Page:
However, it is important not to assume individual interests and needs based on neurodivergent labels – there is much more to the individual than the label. Moreover, not everyone has access to diagnosis. Rather, tailoring job responsibilities should be a collaborative effort between individuals and their managers, available to all. Individuals should be encouraged to explore and share their interests and strengths, and managers should work with them to identify areas where they can better align their job responsibilities to fit these strengths – and support organizational success.
By tailoring job responsibilities, managers can not only help neurodivergent individuals feel more engaged and fulfilled in their work, but also improve overall team productivity. When everyone can work to their strengths, the team can operate more efficiently and effectively, leading to better outcomes for the organization.
Encouraging open communication is a crucial component of supporting job crafting for neurodivergent individuals. When employees feel comfortable sharing their interests, needs, and ideas with their manager, they are more likely to feel valued. This, in turn, can help them to craft their jobs in win-win ways.
Managers can facilitate open communication with their neurodivergent (and all) employees in several ways:
1. Schedule regular check-ins: These meetings can provide a dedicated time and space for employees to share their ideas, challenges, and suggestions, including job crafting opportunities, and in general, for employees and managers to develop a human connection. This might be particularly important for the more reserved employees who may not feel comfortable approaching their managers otherwise.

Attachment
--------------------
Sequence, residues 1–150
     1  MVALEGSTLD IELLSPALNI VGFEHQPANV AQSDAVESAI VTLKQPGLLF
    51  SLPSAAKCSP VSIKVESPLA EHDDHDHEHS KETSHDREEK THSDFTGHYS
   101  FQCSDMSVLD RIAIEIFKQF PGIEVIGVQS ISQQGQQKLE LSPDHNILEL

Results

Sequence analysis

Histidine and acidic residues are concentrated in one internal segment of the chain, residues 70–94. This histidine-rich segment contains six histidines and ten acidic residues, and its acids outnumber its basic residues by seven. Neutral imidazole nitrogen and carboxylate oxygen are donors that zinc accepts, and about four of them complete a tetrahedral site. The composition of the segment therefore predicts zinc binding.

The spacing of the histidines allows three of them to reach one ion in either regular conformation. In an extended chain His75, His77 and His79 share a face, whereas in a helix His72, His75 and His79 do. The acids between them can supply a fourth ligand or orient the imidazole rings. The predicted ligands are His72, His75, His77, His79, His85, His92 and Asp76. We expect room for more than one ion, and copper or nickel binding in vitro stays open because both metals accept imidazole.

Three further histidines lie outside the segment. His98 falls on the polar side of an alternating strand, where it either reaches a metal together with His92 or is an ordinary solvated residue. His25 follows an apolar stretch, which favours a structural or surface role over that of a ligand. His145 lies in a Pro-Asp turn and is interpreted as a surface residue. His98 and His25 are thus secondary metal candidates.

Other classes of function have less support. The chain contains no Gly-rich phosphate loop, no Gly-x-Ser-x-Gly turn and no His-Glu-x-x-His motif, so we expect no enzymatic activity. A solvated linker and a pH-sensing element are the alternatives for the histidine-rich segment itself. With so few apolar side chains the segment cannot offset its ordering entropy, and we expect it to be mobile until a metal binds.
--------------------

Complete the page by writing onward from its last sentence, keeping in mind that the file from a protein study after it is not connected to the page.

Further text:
2. Focus on strengths: In conversations with employees, managers should focus on identifying their strengths and how they can leverage them in their work. This can help employees feel more confident and engaged in their jobs.
3. Create a climate of psychological safety: Managers should strive to create a safe and supportive environment where employees feel comfortable sharing their thoughts and ideas. They should be open to feedback and willing to listen to different perspectives. Make sure to invite feedback and employees’ voice in multiple formats – e.g., both verbally in meetings and in writing, such as via surveys or suggestion boxes.
4. Support employee-led initiatives: Employee initiatives, such as cross-functional collaborative projects, can encourage communication and idea-sharing across the organization. Managerial support for such initiatives can support job crafting and supporting employee participation in general is likely to help improve organizational culture.
Creating a supportive culture.
Creating a supportive culture is a critical component of facilitating job crafting for neurodivergent individuals and all employees. It is particularly important for those who might have experienced prejudice and are reluctant to “bring their whole selves to work” – which takes a significant amount of trust and a sense of safety. Without a degree of trust, job-crafting is unlikely to work.
Some ways to create a supportive culture that may encourage neurodivergent individuals to allow their talents and personalities to shine:
1. Celebrate differences: This can include recognizing different communication styles, unique contributions and accomplishments, and work styles. It is, however, important to ask for employee preferences for such celebrations – one of the most awkward experiences in my career was a surprise party to celebrate my work.
2. Prioritize employee well-being: Offering mental health resources, encouraging breaks, offering flexible work arrangements, and promoting work-life balance by ensuring appropriate staffing can do much more for developing trust than any statements and “special days.”
3. Model inclusive behavior: Managers should model inclusive behavior by being open to feedback, embracing different perspectives, and treating all team members with respect and dignity.
By nurturing a supportive culture, managers can help to create a workplace that encourages job crafting for all employees, including neurodivergent individuals. This can lead to higher levels of engagement, productivity, and overall well-being for all team members. It also can help to attract and retain talent with diverse and unique backgrounds, perspectives, and ideas, creating a more innovative and effective organization.